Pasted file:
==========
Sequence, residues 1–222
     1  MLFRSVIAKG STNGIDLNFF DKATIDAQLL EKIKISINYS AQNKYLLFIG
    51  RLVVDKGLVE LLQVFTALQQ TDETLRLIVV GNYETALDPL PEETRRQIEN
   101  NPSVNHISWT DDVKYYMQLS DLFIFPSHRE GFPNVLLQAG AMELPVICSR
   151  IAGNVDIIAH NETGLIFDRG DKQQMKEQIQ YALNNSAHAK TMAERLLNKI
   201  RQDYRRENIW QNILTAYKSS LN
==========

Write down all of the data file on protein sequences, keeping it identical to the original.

Sequence, residues 1–222
     1  MLFRSVIAKG STNGIDLNFF DKATIDAQLL EKIKISINYS AQNKYLLFIG
    51  RLVVDKGLVE LLQVFTALQQ TDETLRLIVV GNYETALDPL PEETRRQIEN
   101  NPSVNHISWT DDVKYYMQLS DLFIFPSHRE GFPNVLLQAG AMELPVICSR
   151  IAGNVDIIAH NETGLIFDRG DKQQMKEQIQ YALNNSAHAK TMAERLLNKI
   201  RQDYRRENIW QNILTAYKSS LN